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Negroes, newly emancipated, migrated to Kansas from the South, and were helped in adjusting themselves to their new home by Presbyterian and Congregationalist ministers. In addition to the missions and churches organized by these workers, the Negroes independently established Methodist and Baptist churches.

The temperance issue and the fight for prohibition profoundly affected the Kansas churches from the close of the Civil War to the present day. Church organizations, especially those affiliated with the Methodist, Baptist, and Presbyterian faiths, had joined forces with temperance workers, shortly after the Territory was opened for settlement. At its first meeting, in 1861, the members of the Christian Temperance Union resolved:

"That we look to the churches of our State for earnest cooperation in the work of temperance.

"That we invite and expect all ministers of the gospel to actively support our cause and hope that in every part of the State they will take immediate steps to organize auxiliary societies."

Kansas churches accepted the invitation, and many were active in the campaign for a prohibition amendment to the State constitution. In 1879, when the amendment passed both houses of the legislature, a great mass meeting was held in Topeka at which, according to contemporary accounts, "pastors of the various churches were present and took active part in the discussion of the best means of bringing prohibition to the State." The amendment was ratified in the general election of 1880, with great rejoicing in the churches throughout the State.

Temperance was the opening wedge for a general cleaning up of the boisterous, wide-open "cow towns" of the period. Church members especially women were the shock troops that drove out gamblers and other undesirable elements, and intemperance was only one of the evils against which the crusade was waged.

Since then the churches have been the leaders in prohibition activities. When the State legislature submitted a repeal amendment to the voters at the general election of 1934, it was due to church efforts that the dry organizations succeeded in stemming the tide of anti-prohibition sentiment in Kansas.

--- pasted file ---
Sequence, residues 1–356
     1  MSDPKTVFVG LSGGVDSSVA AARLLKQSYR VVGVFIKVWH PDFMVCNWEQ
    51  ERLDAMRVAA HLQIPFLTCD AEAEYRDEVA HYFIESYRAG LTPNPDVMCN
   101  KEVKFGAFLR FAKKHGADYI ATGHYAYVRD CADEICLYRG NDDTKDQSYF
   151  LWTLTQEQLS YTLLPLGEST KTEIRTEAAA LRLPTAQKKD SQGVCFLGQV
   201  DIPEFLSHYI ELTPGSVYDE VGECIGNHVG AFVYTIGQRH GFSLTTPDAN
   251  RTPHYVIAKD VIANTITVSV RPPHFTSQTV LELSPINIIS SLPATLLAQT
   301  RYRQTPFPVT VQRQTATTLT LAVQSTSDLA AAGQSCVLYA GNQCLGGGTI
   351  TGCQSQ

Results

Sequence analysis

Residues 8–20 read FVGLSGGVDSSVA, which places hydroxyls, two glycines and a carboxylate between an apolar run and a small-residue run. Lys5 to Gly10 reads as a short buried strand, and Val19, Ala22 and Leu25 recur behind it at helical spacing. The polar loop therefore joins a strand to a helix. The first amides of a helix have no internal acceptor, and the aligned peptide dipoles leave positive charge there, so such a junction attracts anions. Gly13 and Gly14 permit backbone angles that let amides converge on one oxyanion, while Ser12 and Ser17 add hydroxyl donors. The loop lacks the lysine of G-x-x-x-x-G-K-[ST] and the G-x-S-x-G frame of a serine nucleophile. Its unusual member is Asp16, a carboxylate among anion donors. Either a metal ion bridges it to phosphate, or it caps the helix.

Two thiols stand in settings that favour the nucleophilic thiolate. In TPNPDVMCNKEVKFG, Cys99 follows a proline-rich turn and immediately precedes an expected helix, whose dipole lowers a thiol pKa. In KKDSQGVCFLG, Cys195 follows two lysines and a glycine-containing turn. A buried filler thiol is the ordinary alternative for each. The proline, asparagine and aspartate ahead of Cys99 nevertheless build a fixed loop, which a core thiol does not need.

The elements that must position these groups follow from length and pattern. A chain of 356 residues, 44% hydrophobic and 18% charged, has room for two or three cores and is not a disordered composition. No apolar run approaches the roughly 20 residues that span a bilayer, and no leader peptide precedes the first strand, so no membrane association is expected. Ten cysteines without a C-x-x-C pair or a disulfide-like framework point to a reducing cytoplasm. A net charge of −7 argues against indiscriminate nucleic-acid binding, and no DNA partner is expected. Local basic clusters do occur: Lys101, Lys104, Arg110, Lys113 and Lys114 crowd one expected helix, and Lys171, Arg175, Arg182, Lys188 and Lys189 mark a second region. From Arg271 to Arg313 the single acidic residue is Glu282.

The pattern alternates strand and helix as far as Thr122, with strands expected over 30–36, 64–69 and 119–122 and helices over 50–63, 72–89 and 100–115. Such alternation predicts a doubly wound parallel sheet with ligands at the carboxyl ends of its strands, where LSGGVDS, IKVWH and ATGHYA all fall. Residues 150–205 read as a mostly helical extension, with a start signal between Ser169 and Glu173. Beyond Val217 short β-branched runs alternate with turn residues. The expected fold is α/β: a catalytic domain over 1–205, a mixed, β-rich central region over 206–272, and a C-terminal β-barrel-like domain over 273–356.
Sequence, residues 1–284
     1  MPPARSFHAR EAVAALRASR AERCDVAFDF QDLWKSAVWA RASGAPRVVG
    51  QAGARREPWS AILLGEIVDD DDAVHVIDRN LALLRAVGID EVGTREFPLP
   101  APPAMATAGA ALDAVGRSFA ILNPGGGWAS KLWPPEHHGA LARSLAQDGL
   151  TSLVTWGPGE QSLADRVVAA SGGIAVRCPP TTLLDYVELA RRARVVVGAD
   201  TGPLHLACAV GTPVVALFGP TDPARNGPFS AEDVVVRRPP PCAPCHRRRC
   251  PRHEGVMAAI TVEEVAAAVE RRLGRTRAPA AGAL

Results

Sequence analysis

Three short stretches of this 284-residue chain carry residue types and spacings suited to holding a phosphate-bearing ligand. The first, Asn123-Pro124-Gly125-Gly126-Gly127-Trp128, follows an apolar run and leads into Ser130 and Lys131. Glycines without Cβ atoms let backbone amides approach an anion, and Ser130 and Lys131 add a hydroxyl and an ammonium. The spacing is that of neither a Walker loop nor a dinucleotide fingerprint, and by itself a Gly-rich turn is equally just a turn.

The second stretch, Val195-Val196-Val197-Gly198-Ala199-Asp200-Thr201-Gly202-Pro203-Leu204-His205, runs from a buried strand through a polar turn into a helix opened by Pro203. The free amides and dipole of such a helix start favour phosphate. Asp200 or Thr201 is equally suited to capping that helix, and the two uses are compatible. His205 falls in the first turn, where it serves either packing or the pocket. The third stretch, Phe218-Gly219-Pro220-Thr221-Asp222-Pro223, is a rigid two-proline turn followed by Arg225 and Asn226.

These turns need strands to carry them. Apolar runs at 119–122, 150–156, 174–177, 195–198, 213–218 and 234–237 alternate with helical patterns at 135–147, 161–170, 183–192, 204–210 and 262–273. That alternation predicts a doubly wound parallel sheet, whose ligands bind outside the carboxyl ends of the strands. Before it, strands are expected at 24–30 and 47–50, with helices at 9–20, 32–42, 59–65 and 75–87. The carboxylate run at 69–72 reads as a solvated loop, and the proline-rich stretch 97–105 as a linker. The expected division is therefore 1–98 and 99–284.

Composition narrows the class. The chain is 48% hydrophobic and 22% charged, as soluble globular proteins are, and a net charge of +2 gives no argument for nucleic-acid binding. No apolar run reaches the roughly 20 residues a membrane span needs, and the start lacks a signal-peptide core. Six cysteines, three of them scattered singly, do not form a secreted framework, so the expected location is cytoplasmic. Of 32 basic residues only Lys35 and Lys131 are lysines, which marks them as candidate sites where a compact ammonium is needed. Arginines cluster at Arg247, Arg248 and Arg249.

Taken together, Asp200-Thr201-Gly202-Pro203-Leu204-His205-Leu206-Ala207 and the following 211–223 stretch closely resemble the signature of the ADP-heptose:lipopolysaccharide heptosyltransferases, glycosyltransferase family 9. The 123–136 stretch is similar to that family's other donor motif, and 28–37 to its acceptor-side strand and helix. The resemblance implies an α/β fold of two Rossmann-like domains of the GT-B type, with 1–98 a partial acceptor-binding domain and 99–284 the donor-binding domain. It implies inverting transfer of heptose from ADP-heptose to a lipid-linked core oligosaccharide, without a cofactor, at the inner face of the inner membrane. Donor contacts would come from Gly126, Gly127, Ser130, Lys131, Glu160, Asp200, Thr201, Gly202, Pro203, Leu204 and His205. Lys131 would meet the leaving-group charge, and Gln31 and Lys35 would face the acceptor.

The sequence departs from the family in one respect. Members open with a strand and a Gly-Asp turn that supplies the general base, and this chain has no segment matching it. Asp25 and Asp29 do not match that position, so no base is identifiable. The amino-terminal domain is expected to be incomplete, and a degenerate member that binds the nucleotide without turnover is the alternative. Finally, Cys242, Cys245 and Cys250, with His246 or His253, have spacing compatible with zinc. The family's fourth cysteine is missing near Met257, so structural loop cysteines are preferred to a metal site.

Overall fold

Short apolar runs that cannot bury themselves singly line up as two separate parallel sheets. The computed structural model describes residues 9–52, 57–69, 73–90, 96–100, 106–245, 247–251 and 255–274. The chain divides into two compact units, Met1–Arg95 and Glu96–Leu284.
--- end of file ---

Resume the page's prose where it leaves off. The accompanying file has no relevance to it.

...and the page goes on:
According to the United States Census (Religious Bodies: 1926) there were 4,530 church organizations in Kansas. Of these, 1,242 were urban and 3,288 rural. Church membership totaled 747,078, divided almost equally between urban and rural organizations. The three leading denominations with their membership were Methodist Episcopal, 177,165 (all Methodist bodies, 190,894; Roman Catholic, 171,178; Disciples of Christ, 77,409. Membership in Baptist bodies numbered 70,838, in Presbyterian, 56,667 and in Lutheran, 53,751. Membership in Protestant Episcopal churches numbered 9,623, and in Jewish congregations approximately 5,000. Of the total church membership, 28,292 were Negro communicants, including 15,357 Baptists and 10,069 Methodists, with the remainder divided among a score of other denominations. The Negroes supported 328 churches, of which 213 were urban and 115 rural.

The number of church organizations decreased between 1906 and 1926. This was due, probably, to the abandonment of some rural churches when roads improved and the automobile came into general use, and also to the tendency toward consolidation of churches. During the same twenty year period there was an increase of 272,442 in total church membership.